Even though he died in a car crash at 59, David Smith is among a tiny, golden group of artists who have enjoyed a late, great style. Along with Titian, Rembrandt, Bonnard, and Matisse, he was graced with creative endurance and the chance to keep soaring toward transcendence. At the untimely finish of his protean career, Smith had discovered a way to wrap emotion in classically balanced containers. Beneath the smooth elegant surfaces, bridled feelings roil and burble, and it’s that tension between suppression and explosion that makes them splendid.
Most of his friends and rivals among the Abstract Expressionists followed a sadder trajectory: They spent years in cold studios, struggling to render existential truth as a series of lines and shapes. Each endured a succession of failed experiments until, late in the 1940s, they all “broke through” and the New York School was born. Yet epiphany rapidly gave way to decline or repetition, and bold gestures devolved into gimmicks.
Unlike Rothko, Gottlieb, Kline, and Newman, Smith kept evolving, and his work got better and better. The Whitney’s quirky new exhibition, “Cubes and Anarchy,” starts with the 1960s masterpieces and unfolds backward through the decades toward the less polished work from the Depression. When you step off the elevator, you’re face-to-face with Smith’s magnificent clusters of shimmering steel boxes, discs and cylinders. These sublime “Cubis” from the 1960s bask in Marcel Breuer’s Brutalist gallery space, twinkle in the angled window and resonate with the cubist apartment buildings along Madison Avenue.
If you follow Smith’s career chronologically, the leap from the dark, matt, organic ironworks of the 1940s and 1950s into the sleek bright “Cubis” feels shocking, as if Smith’s already feverish imagination had received an electric jolt. But “Cubes and Anarchy” weirdly attenuates the impact of that revelation and smooths out the contours of his whole career. Organised by the Los Angeles County Museum of Art, the exhibit presents a thematic annotation to the conventional narrative. It follows just one thread of his profligate creativity and surrenders only one idea: that Smith was a lefty geometrician to his bones. His gods, according to curator Carol Eliel, were the radical Russian constructivists who, earlier in the century, raised the banner of proletarian solidarity. By cherry-picking a small group of sculptures and trotting out some rather uninteresting early endeavours, the exhibition searches for connections at the expense of texture.
It’s true that Smith always stressed his brotherhood with the worker. He cultivated a rough image of himself as a twister of metals who swaggered out of the Midwestern plains. Born in Decatur, Indiana in 1906, he was descended from blacksmiths. His father, a telephone technician and part-time inventor, inspired in him a durable passion for machinery. After a stint in art school, Smith got a summer job as a welder and riveter at a Studebaker car factory in Ohio. That’s where he picked up the skills, and the proletarian stance, he brought to his sculpture.
Smith arrived in New York in 1926, and started out as a painter. But his preference for tools over brushes led him to sculpture, and by 1934 he had installed himself in an improvised studio at the Terminal Iron Works in Brooklyn. There he forged idiosyncratic construction out of scrap metal, odd parts of machines, and other detritus. Smith slurped up a wide range of influences in these years: Picasso, Russian constructivism, Mondrian, Surrealism and, especially, Giacometti. He processed the Italian’s formally complex and symbolically freighted style into a series of fussy biomorphic works that carried him through the 1940s.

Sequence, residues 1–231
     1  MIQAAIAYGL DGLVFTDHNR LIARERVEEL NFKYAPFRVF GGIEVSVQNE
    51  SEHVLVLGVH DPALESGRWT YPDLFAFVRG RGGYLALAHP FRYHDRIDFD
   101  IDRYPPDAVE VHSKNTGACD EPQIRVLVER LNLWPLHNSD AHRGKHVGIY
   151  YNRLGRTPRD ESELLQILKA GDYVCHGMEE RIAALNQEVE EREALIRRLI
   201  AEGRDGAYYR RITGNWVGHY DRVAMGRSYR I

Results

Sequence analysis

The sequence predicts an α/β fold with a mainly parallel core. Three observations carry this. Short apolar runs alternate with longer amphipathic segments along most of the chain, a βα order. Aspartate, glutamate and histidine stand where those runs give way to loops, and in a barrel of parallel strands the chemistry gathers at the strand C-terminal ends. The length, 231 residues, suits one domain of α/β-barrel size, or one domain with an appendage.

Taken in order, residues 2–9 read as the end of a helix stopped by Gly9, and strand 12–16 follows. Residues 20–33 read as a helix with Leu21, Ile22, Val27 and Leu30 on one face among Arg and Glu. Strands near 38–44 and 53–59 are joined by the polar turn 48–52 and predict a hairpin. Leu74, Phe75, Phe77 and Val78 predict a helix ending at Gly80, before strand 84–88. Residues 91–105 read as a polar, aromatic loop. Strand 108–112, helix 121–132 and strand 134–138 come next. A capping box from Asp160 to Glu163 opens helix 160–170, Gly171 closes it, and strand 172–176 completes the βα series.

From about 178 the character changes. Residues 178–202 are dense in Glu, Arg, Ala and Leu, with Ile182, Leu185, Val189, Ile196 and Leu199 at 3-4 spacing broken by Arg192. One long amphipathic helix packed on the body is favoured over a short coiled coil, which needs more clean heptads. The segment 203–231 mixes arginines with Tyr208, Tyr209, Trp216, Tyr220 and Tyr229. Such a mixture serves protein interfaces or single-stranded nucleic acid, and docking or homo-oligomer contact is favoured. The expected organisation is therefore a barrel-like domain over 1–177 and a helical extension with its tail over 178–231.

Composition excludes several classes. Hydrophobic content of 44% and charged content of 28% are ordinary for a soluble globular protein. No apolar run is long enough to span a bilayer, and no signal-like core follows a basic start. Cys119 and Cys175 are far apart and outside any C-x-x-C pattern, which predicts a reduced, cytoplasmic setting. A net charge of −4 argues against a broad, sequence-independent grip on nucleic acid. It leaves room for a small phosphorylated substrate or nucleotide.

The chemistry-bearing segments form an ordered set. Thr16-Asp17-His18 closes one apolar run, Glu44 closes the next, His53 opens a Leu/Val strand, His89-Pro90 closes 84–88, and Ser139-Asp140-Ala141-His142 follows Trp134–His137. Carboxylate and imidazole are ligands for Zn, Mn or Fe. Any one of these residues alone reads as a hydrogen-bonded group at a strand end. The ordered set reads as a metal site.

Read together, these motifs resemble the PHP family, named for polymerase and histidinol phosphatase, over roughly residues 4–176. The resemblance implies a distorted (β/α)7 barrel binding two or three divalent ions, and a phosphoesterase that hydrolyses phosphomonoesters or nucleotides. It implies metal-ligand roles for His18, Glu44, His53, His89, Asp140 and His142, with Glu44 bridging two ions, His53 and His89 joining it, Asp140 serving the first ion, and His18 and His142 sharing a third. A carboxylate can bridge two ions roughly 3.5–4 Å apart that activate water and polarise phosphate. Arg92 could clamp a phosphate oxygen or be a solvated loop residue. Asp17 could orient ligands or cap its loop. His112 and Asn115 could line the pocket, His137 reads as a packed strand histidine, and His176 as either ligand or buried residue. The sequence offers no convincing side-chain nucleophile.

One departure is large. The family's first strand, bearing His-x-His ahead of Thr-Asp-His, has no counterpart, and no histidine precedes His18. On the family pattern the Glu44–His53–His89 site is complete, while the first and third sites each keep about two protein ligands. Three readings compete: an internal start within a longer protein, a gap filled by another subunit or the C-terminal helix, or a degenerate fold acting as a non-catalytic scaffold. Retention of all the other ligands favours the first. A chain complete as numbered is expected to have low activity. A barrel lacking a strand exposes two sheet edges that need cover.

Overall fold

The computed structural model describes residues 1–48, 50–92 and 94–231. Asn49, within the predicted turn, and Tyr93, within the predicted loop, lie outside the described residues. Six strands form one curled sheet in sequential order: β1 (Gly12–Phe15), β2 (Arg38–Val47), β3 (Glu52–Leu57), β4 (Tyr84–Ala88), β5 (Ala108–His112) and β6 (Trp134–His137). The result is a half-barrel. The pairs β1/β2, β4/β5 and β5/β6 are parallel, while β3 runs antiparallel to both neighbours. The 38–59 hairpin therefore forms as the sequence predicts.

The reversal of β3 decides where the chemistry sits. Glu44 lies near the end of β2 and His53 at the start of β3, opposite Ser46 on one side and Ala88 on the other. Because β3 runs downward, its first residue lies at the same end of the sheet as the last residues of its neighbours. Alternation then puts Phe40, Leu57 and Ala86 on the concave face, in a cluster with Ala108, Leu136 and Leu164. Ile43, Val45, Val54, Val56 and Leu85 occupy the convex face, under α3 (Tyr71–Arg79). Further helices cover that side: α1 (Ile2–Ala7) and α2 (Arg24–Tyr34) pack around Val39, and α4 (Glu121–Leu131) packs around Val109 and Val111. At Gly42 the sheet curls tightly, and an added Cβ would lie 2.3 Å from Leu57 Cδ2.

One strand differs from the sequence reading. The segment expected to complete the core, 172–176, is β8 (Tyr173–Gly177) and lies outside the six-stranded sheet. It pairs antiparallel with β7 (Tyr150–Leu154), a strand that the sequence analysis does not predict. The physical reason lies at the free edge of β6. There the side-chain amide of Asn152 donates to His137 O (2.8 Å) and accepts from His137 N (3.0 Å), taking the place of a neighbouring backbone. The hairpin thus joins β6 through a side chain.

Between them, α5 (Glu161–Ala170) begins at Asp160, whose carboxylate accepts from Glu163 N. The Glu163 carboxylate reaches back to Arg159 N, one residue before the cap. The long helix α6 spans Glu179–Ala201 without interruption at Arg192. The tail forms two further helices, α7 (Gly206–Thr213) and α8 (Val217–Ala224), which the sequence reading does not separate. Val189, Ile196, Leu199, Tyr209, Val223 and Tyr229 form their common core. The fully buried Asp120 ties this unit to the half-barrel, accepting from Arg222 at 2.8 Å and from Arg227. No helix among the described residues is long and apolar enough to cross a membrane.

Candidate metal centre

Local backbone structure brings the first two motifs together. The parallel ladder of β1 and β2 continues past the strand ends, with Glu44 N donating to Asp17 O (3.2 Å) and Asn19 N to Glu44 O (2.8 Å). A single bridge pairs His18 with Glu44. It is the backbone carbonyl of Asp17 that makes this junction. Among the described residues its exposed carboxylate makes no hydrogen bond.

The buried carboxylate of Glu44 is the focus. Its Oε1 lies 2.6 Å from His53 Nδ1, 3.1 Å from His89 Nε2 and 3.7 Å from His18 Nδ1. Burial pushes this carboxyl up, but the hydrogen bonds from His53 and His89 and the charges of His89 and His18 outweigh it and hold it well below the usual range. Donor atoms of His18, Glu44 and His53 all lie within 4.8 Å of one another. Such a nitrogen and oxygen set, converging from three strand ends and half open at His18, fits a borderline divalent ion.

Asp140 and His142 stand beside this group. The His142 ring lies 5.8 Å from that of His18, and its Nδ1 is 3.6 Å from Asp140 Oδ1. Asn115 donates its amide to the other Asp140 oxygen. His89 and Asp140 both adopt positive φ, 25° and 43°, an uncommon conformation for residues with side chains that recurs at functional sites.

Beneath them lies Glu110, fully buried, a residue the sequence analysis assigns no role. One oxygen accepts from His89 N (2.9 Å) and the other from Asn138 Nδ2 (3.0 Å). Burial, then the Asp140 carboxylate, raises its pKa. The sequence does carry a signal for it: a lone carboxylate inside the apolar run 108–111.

“Cubes and Anarchy” aims to pry Smith from the clutches of the effete Surrealists and thrust him into the tougher company of the common man. No mention is made of Giacometti, or of Smith’s existentialist, psychoanalytically-minded allies among the Abstract Expressionists. At the Whitney, it is the proletarian revolutionary Vladimir Tatlin and the hard-edged utopian Piet Mondrian who take the starring roles as his progenitors. The curator marshals a slew of Smith’s most derivative constructions, paintings and works on paper to prove that he was first and foremost interested in the political power of shapes.
She is undoubtedly right that Smith learnt a great deal from the early modernists: a copy of one of Mondrian’s “Pier and Ocean” images fills in part of a page from a 1946 sketchbook. But above and around that austere arrangement of pale squares are the other things he was thinking about, live-streaming from his visual unconscious. A frog makes love to a woman in the presence of a pink duck; a totemic female, in the style of Picasso’s Demoiselles, shelters another fuzzy fowl – this one bright yellow – under one arm; a third female decomposes into a sensual series of plump circles and ovals. In the catalogue, Eliel says that Smith’s work was “infused with Mondrian’s sense of geometry and purity”. Geometry, yes, but purity? Surely not. Smith admired Mondrian, but even within a single page, he couldn’t confine himself to just one strain of influence.
Eliel is searching for a missing link in Smith’s career, a logical continuum between the earlier ornate abstractions and the brawn of the “Cubis”. That unity is there, not so much in his concern with geometry as in the balance of austerity and passion, of industrial materials and hand-wrought effect. Come up close to the “Cubis”, and the polished surfaces look practically liquid, with undulating painterly strokes that seem to dive below the impermeable skin. Smith’s real unbroken allegiance was not to radicalism or the machine age, but to the eternal ability of emotions to infuse metal or stone.
‘David Smith: Cubes and Anarchy’, continues through January 8. www.whitney.org